Friday, February 18, 2011


Not sure why the song 'Changeling' came into my head while I was on nappy duty but it did. It got me thinking about the power of early 80's Simple Minds, the clinical majesty of their original unfettered vision and I felt compelled to commit my thoughts to pen and paper (virtual pen and paper).

The album 'Reel to Reel Cacophony' was one of the first I ever owned. I bought it on cassette whilst on a caravanning holiday with a former school friend in Bridlington. Given that by this point Scotland's finest had already released 'Once Upon a Time' starting with their second album might come across as ambitious. Given Jim Kerr's haircut on the back of the prior album 'Life in a Day' it could even be considered brave and or bold.

Unfortunately it was none of the above. It was however £3.49 from Woolworths, a whole pound cheaper than any of their later albums. This might seem paltry but back in the heady days of 1985 and aged 11 a crisp and green pound note was a fuck lot of money, a veritable kings ransom.

Anyway, I bought it, played it in the caravan and came away a bit non-plussed. This wasn't the Simple Minds of Top of the Pops, It certainly wasn't the band I had been hyping the fuck out of to my friend. At one point during playback I decided it must be faulty, but no. Over the following weeks I found myself revisiting the album drawing a similar conclusion each time - I should have ponied up the extra quid and bought 'Sparkle in the Rain'. I kept playing it though because at that stage in my music based habit, owning circa ten albums and about the same amount of pre-recorded cassettes every inch of music counted.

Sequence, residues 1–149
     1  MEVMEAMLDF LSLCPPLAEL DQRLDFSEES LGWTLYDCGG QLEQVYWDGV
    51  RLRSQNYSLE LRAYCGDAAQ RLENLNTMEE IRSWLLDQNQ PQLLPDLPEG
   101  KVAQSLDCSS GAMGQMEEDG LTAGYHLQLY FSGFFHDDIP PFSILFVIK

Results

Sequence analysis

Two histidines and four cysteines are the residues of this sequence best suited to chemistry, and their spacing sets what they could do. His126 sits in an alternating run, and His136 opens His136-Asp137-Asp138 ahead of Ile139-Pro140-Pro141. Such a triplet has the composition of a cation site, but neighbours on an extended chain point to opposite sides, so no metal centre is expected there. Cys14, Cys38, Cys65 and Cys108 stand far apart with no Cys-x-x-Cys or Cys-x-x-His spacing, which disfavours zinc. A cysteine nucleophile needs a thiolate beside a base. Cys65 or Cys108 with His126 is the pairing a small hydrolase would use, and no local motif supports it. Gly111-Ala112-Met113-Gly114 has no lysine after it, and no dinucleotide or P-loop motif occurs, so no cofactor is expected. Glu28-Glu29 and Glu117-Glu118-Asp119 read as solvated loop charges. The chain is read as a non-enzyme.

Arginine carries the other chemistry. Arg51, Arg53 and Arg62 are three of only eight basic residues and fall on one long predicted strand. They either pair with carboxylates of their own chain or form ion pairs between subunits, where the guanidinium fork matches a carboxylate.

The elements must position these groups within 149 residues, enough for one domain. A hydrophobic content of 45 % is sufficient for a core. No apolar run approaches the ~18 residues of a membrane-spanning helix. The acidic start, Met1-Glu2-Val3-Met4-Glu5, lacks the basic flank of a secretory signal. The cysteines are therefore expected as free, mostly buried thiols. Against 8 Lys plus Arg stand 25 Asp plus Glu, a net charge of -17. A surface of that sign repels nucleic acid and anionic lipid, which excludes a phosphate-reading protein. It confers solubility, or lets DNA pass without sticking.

Eventually, thanks to the arrival of newer predominantly 'metal', specifically Kiss records I could afford to give up on it. In time I forgot about the album, or at least I thought I had.

I re-bought it for a couple of Euros in Germany a few years back and put it on to see how it faired. 'Reel to Reel Cacophony' came before the critically re-assessed period of the groups history, it's prior to 'I Travel' and 'Theme For Great Cities', no electronic anthems or obvious Hoxton floor fillers here. Anyway, needle goes on record and fuck me if I didn't remember almost every word, every single change and beat. I still have no idea what any of the songs are about but that 'Reel to Reel Cacophony's' content has spent the last 25 plus years sat in my head waiting to be called into action is no mean feat. And just when I think it's over, that I'm done with that mysterious album with it's plain blue textured sleeve it pops up again without warning.

Beyond being a reminder of days gone by, of a cramped caravanning holiday, a friend who turned out to be an utter dick and his mum who I think I wanted to fuck, this is a killer album. Well not killer, that's the wrong word. It is however solidly built, unusual, well balanced and totally under-rated.

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